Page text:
Amid fierce debate over whether charter schools are good for black students, the heirs to the Walmart company fortune have been working to make inroads with advocates and influential leaders in the black community.

The Walton family, as one of the leading supporters of America’s charter school movement, is spreading its financial support to prominent and like-minded black leaders, from grassroots groups focused on education to mainstream national organizations such as the United Negro College Fund and Congressional Black Caucus Foundation, according to an Associated Press analysis of tax filings and nonprofit grants data.

“Those closest to the challenge often have the best solution,” said Marc Sternberg, who leads the Walton Family Foundation’s education efforts.

Charter schools, which are publicly funded and privately operated, are often located in urban areas with large back populations, intended as alternatives to struggling city schools. Black enrollment in charters has doubled over the course of a decade, to more than 760,000 students as of 2015-16, according to the latest federal data, but the rise also has been marked by concerns about racial segregation, inconsistent student outcomes, and the hollowing-out of neighborhood public schools.

While some black leaders see charters as a safer, better alternative in their communities, a deep rift of opinion was exposed by a 2016 call for a moratorium on charters by the NAACP, a longtime skeptic that expressed concerns about school privatization, transparency and accountability issues. The Black Lives Matter movement is also among those that have demanded charter school growth be curbed.

When NAACP leaders gathered to discuss charters in 2016, a group of demonstrators led the Cincinnati hotel to complain to police that they were trespassing. The three buses that brought the 150 black parents from Tennessee on the 14-hour road trip were provided by The Memphis Lift, an advocacy group that has received $1.5 million from the Walton foundation since 2015.

Deidra Brooks, chief of staff for The Memphis Lift, said they were not asked by Walton to carry out the protest and declined to say how much of their budget came from the foundation. The start-up advocacy group seeded by Walton money also provides parents school choice counseling and advocacy training.

Like U.S. Education Secretary Betsy DeVos, Microsoft co-founder Bill Gates and many other deep-pocketed billionaire philanthropists, the Walmart heirs – one of America’s richest families – embrace charter schools and education reform as an avenue to help the neediest. The Walton foundation is in the midst of a $1 billion pledge dedicated largely to expanding charters, which they see as investments to find better ways to educate those who struggle in traditional school systems.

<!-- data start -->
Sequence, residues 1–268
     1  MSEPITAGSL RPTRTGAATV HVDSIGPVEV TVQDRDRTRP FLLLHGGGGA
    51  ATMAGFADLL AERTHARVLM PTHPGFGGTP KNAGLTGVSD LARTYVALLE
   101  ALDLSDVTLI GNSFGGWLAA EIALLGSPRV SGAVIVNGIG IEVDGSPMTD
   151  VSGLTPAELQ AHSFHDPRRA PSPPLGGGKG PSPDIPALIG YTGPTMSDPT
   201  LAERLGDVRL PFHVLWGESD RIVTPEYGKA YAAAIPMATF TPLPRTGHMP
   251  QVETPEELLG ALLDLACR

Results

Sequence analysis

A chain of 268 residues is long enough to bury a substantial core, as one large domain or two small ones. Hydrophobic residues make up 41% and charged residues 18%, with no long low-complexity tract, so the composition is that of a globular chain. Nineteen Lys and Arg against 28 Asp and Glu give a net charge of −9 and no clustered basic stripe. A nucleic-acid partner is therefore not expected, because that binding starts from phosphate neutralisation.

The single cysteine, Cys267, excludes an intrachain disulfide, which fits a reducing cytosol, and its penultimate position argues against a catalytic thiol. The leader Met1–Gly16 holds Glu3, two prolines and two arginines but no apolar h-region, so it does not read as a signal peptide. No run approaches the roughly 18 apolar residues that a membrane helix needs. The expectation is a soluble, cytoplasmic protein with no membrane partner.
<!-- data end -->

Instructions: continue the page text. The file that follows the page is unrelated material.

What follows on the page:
Andre Perry, an education policy expert at the Brookings Institution, said the Walton foundation’s reliance on black faces to makes its case for charters suggests that they’re exploiting black people for a “white agenda.”

“It’s a sad thing that education reform is about how much money you have and not about what connection you have with black communities,” Perry said.

Much of the $9 million granted to the United Negro College Fund has been spent on the scholarship organization’s fellowship program for students interested in education reform. Likewise, the foundation gave $170,000 in recent years to the Congressional Black Caucus Foundation for its events, while the Waltons also sponsor an affiliated education policy advocacy and campaign training workshop.

Walton money totals nearly $2 million to the 100 Black Men of America campaign and $7.3 million to the National Urban League. Both groups have strong ties to charter schools on the ground.

The Waltons have given small amounts to other kinds of black community groups as well, including the New England Blacks in Philanthropy organization, the Association of Black Foundation Executives and the National Black Child Development Institute.

And this year, the foundation sponsored a luncheon at a Detroit conference for the National Association of Black Journalists.